The world of the Internet of Things promises to be the main engine of the global economy in the next years. In developing countries, such as Brazil, the opportunities will be even bigger. Considering the size of the local market and the pressing need that Brazil has in increasing the innovation rhythm, technology usage and development, the country can already be seen as a big global player by companies from this sector. In this moment, the more accurate motto for companies that want to act or are acting in Brazil is “Innovate or Die.”
After a cycle of more than 10 years of continuous growth, that put the country in evidence on the global landscape as part of the select group of so-called BRICs (Brasil, Russia, India and China) and that stressed even more its leadership in Latin America, Brazil is now entering, in the past two years, a moment of political tension that has reflected directly in the economy. The moment now is of reviewing and restructuring. But in spite of the perception of some foreign executives and entrepreneurs that this is not a good time to invest in the country, it is clear that Brazil had a virtuous cycle of many years and reached a higher level. All this indicates that, for sure, not all is lost. Far from it. The time is for opportunities.
With the stabilization of the smartphone market, there’s a great potential for the technology industry – especially in the semiconductors area – in business involving connected cars, agriculture, livestock, smart cities, among others. To fully use this opportunities, it is necessary to understand in which ways it is possible to develop the best technological solutions to different regions. And the solutions to problems from different countries can only be found locally.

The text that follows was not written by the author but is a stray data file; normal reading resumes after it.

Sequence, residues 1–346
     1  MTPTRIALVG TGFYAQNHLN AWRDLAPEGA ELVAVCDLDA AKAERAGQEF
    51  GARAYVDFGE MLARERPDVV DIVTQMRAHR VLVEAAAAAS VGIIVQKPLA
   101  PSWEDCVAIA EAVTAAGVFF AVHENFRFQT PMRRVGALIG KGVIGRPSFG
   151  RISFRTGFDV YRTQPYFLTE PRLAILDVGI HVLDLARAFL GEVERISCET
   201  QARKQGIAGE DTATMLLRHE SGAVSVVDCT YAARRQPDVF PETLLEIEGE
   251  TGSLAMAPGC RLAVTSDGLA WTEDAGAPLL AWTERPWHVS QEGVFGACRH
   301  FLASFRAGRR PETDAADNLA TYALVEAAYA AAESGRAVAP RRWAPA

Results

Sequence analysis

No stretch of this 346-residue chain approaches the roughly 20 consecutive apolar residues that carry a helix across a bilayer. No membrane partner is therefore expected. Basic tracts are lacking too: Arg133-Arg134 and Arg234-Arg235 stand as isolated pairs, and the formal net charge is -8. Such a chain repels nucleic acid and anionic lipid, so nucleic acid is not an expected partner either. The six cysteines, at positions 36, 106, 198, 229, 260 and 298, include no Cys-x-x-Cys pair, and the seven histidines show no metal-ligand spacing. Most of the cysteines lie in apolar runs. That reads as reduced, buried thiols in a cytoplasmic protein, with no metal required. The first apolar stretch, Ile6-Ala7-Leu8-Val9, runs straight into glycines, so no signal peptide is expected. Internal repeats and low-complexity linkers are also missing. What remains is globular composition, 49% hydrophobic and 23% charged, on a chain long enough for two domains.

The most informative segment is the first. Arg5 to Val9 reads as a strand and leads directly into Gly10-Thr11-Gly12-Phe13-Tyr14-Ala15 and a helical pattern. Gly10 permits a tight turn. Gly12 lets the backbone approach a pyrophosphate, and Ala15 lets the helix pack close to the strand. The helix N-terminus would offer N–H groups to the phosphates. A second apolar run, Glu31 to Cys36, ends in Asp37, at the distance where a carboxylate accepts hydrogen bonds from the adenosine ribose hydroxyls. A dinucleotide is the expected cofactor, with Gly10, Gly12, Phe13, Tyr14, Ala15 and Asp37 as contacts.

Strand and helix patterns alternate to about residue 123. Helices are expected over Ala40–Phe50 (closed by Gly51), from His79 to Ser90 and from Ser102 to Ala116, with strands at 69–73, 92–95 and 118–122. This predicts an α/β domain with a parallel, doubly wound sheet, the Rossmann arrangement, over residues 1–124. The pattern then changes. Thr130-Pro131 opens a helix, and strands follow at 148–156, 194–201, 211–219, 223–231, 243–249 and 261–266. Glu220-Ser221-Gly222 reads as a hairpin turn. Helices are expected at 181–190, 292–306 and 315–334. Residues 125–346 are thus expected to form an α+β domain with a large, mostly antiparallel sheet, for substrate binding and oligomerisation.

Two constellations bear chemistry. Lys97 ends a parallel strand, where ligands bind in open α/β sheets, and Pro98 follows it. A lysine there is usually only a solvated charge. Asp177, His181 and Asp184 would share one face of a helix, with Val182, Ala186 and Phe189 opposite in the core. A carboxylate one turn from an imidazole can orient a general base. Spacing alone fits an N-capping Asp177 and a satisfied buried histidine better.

Investing in the right time and in the right moment
Despite the low participation of Brazil in the semiconductors industry, the country has a great potential to use the Internet of Things and to develop in this sector. It is a field in which no one has the advantage yet: we are, theoretically, in the same level as United States and China. Besides that, a chip to a sensor for IoT is cheaper and easier to develop than one made for smartphones. Therefore, it is less costly to invest in IoT.
In the technology world, the innovation chain has inverted itself recently, with the large domain of big multinational companies giving space to startups and new entrepreneurs. This movement creates a pulverization of opportunities. It is no longer something concentrated, in the domain of few big players like it used to be. There is space for companies from outside the country and also for the appearance of new local players that can learn and develop their own systems and foment the industry.
The technology giants, that lost a wave of opportunities that emerged with the mobile business (smartphones, tablets and M2M), now are moving rapidly so they don’t miss out on the opportunities that the IoT segment will bring. There are several examples in this direction and IBM is one of them, since its announcement, in December of 2015, to return to the consumer electronics market, ten years after selling its computer division to the Chinese Lenovo. The problem is that there are a lot of companies, big and small, repeating the same strategies in the search of its own space in the technology market. This needs to change. The motto “Innovate or Die” also needs to be applied in the planning.